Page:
It seems that the producers of many long-running television shows are starting to catch on to what the viewing public has known for years; it’s best to go out on top. Shows such as Seinfeld, Friends and even Frasier (to an extent) have decided to pull the plug while the material is still operating on an acceptable level. It’s rare that shows can successfully pull the great switch like ER did, and replace virtually every member of the cast, while still not losing what made them great in the…first place.
I only wish that Chris Carter bought into this school of thought. While the Ninth season of The X-Files was still one of the better sci-fi dramas on television, it just wasn’t the same. The departure of David Duchovny left a hole in the cast that could not be filled. Now, that’s not to say that Robert Patrick isn’t great as Agent Doggett, it’s just that he’s not the same character. It was like those episodes of The Cosby Show that focused on Theo or Vanessa. It’s the same show, but there is a big piece missing.
A second problem with this season is that it fell victim to another one of those problems that frequently plague long-running television programs; the focus has moved off of the cases, and it is now on the personal lives of the characters. This shift in focus results in the show becoming a character drama, instead of a sci-fi drama. Nobody would have tuned in to the first season of this show had the focus been on the relationships of freaked-out FBI agents. Monsters, UFOs and unexplained phenomenon’s… that’s what we want to see.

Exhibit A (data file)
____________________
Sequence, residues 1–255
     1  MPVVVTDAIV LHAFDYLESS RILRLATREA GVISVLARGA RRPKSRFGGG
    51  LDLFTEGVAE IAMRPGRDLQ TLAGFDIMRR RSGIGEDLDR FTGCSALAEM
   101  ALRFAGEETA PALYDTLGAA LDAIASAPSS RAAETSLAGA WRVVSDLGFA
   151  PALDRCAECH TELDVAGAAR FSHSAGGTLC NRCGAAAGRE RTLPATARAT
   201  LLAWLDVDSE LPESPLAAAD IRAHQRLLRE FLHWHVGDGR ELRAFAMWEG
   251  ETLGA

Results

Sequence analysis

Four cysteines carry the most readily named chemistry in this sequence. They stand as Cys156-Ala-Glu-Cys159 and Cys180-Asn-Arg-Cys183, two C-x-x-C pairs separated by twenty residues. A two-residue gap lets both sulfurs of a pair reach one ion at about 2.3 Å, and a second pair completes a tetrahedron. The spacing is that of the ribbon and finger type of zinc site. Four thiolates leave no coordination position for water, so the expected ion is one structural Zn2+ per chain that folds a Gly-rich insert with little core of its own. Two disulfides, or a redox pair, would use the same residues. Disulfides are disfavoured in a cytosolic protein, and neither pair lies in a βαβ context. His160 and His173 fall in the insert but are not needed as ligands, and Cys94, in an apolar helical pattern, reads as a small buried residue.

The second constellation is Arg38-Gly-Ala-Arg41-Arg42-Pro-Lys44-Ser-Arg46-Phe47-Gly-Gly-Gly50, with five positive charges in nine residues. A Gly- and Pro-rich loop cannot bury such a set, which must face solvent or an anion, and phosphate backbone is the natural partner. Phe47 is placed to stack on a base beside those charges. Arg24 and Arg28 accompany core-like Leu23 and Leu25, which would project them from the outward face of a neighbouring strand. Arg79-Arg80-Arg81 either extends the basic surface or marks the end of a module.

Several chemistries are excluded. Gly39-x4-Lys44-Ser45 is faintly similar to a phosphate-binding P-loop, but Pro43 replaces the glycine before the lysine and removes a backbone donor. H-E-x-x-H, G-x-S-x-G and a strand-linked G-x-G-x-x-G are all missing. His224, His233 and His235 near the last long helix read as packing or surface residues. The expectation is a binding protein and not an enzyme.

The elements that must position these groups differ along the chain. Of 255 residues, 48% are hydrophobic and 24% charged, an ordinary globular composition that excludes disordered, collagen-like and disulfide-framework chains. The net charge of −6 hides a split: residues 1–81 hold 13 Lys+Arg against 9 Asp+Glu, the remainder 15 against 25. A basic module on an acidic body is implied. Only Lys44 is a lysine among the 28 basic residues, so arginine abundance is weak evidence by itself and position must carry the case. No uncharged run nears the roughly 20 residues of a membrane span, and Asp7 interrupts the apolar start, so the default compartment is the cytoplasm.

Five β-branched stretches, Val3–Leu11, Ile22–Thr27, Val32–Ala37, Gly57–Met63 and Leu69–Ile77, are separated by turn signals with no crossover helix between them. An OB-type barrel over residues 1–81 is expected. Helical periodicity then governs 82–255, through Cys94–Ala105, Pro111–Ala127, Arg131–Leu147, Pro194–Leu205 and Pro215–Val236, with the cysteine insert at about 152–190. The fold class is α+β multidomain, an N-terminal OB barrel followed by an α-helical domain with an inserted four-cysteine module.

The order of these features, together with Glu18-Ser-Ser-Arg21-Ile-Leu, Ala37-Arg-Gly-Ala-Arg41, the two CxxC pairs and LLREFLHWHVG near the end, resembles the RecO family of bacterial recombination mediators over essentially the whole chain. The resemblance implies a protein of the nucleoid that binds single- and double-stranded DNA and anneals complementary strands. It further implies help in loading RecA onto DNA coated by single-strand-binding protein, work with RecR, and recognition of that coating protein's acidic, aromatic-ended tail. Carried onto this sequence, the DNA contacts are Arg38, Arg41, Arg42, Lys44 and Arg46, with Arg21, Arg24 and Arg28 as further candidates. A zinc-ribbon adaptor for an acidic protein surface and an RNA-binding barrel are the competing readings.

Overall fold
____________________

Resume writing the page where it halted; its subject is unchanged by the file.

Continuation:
Season Nine is still an interesting program, and there are still plenty of strange things going on, but it’s just not the same as it used to be. The fact that one of the episodes from this season is actually called Jump the Shark is a good clue that something may be amiss. Fans will undoubtedly want to pick this one up and finish off their collections, but for newcomers to this series, there is truly only one place to start… at the beginning.